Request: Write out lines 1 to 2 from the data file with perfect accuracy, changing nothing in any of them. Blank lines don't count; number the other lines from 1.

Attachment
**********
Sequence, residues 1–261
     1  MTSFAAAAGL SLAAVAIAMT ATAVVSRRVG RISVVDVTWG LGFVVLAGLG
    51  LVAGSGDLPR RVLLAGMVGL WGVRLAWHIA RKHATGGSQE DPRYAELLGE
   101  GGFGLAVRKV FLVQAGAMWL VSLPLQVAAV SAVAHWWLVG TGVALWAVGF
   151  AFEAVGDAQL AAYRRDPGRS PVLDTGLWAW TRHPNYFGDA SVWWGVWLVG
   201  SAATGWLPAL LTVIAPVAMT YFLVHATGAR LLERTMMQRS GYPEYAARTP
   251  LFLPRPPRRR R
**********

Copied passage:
Sequence, residues 1–261
     1  MTSFAAAAGL SLAAVAIAMT ATAVVSRRVG RISVVDVTWG LGFVVLAGLG